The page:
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A Letter to his Parishioners from Prison. [To lose the services of such a minister was, perhaps, the saddest calamity which ever befel the town of Taunton. But although deprived of his living, Mr Alleine did not feel that he was released from the care of souls. Unfortunately, howcver, in those days of intolerance, to secede from the National Church was an offence against the State, and for an outed minister to preach was a crime. Of this crime Mr Alleine was guilty. For addressing little companies of his former parishioners, he was once and again thrown into prison; and during his second term of confinement, his health, already shattered, received a final shock, and soon after his discharge his Heavenly Master released him from all his labours.

From various pastoral epistles to his former parishioners, which he wrote during these imprisonments, we extract the following :-)

To the most Endeared People, the Inhabitants of Taunton,

Salvation. Most DEARLY BELOVED AND LONGED-FOR, MY JOY AND Crown,-My heart's desire and prayer for you is that you may be saved. This is that which I have been praying, and studying, and preaching for these many years; and this is the end of my venturing, and suffering, and writing, at this present time. God that knoweth all things, He knoweth that this is my wish,—“ Oh, that I could but come at their souls!" And that this is the prize and the gain that I run for, that I might win souls. I seek no other gifts; give me your hearts, let me but part between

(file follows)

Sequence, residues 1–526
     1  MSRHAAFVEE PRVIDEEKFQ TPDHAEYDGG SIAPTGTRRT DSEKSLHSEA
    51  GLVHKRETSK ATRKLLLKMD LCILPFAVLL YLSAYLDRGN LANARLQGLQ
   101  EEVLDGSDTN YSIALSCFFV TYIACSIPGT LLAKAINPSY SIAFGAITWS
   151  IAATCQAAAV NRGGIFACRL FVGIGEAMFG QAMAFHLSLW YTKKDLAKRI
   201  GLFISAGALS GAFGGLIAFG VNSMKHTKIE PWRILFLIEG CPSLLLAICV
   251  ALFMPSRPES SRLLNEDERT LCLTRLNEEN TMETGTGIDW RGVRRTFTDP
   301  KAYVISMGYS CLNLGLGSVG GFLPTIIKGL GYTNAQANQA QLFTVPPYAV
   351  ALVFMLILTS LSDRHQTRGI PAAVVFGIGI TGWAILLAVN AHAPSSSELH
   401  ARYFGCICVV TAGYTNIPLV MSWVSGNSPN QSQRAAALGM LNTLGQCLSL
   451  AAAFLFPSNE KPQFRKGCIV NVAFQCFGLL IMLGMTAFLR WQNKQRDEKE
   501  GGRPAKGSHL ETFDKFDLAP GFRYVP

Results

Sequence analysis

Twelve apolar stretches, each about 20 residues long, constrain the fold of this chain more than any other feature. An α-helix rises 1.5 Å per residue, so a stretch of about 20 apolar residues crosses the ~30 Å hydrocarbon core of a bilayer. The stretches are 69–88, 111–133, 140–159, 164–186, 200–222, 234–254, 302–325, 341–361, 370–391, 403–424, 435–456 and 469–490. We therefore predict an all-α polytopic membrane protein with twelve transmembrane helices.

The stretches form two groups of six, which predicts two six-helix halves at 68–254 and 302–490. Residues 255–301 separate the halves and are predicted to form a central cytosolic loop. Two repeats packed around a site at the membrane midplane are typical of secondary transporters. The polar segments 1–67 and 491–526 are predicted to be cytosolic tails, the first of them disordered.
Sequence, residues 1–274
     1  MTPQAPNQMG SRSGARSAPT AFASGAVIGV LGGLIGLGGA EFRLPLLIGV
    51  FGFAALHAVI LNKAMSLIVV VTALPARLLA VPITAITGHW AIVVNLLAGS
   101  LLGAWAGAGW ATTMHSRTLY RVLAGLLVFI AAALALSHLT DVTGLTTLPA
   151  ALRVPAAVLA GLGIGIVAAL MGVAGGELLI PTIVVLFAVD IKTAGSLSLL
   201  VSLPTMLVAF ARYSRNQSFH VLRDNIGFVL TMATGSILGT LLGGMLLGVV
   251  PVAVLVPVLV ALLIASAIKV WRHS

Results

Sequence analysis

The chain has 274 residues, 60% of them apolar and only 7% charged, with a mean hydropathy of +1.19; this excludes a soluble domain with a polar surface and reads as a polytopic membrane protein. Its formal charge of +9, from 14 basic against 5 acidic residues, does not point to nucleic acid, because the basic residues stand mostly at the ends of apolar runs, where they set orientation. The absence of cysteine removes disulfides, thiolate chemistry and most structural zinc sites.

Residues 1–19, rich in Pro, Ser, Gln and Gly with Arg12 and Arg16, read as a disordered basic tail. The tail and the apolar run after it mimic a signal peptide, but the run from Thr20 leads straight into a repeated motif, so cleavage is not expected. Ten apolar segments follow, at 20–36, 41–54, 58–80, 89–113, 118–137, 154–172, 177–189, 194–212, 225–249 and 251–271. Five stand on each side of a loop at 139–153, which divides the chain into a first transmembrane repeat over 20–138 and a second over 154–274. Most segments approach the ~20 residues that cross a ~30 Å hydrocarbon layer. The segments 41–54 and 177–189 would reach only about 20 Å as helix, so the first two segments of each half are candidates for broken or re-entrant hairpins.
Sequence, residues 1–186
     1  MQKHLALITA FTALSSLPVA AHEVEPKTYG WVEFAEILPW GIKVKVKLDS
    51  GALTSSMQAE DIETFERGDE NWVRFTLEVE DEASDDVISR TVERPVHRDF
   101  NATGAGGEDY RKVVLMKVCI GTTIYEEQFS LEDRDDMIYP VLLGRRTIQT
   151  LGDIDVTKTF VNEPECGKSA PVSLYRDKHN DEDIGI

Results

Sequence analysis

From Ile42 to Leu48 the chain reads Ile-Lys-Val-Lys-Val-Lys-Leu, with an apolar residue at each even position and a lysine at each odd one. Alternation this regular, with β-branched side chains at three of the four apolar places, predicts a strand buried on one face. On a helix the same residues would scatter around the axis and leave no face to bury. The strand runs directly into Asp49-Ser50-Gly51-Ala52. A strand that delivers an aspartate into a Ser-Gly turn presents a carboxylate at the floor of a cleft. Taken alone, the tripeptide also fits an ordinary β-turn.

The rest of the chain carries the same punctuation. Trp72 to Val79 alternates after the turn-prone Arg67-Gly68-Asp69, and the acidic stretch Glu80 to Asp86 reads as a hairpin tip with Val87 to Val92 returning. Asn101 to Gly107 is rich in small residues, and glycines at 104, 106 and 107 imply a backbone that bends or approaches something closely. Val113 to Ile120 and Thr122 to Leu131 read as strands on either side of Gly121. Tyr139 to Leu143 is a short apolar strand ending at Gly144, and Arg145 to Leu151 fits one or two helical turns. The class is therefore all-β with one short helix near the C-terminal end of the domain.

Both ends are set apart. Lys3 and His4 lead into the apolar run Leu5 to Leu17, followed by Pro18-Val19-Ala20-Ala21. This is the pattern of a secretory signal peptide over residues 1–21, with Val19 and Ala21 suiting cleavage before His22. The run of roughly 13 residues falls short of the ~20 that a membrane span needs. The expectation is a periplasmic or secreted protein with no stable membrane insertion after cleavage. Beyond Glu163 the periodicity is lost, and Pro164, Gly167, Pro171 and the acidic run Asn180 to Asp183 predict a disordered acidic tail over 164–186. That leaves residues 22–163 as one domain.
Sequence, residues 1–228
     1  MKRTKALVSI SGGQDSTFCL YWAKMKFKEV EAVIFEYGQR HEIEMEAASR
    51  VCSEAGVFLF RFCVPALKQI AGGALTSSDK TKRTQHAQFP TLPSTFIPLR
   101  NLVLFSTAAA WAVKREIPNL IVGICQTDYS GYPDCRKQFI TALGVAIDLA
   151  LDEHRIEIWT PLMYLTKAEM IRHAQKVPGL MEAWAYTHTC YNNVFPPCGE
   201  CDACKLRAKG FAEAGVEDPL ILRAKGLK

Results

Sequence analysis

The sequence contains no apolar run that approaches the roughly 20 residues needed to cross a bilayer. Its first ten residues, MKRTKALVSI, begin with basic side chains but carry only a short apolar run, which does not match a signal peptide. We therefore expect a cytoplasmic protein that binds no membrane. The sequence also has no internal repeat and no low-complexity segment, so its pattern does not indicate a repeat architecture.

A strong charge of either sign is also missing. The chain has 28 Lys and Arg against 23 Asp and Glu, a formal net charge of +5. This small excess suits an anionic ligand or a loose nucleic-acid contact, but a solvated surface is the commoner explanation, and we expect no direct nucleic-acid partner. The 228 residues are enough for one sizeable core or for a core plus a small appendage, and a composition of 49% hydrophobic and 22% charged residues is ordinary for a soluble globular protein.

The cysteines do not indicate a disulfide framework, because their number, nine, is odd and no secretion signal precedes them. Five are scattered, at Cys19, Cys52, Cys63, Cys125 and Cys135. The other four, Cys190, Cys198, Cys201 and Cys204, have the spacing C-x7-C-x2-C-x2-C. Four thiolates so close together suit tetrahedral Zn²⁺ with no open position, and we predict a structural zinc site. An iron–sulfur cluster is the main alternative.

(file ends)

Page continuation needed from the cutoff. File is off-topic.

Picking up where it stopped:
sins and you; suffer me but to save you; give me leave to carry you over to Jesus Christ, and I will not ask you any more. I will serve you gladly, I will suffer for you thankfully, so I may but save you. Do not wonder why I follow you so pressingly, why I call upon you so frequently;

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let not my importunity be grievous to you; all this is but to save you. Christ did not bethink His blood, and shall I bethink my breath, or ink, too dear, in order to your salvation! What a pity is it that any of you should miscarry at last under the power of ignorance, or by a profane negligence, or a formal and lifeless profession of strict godliness !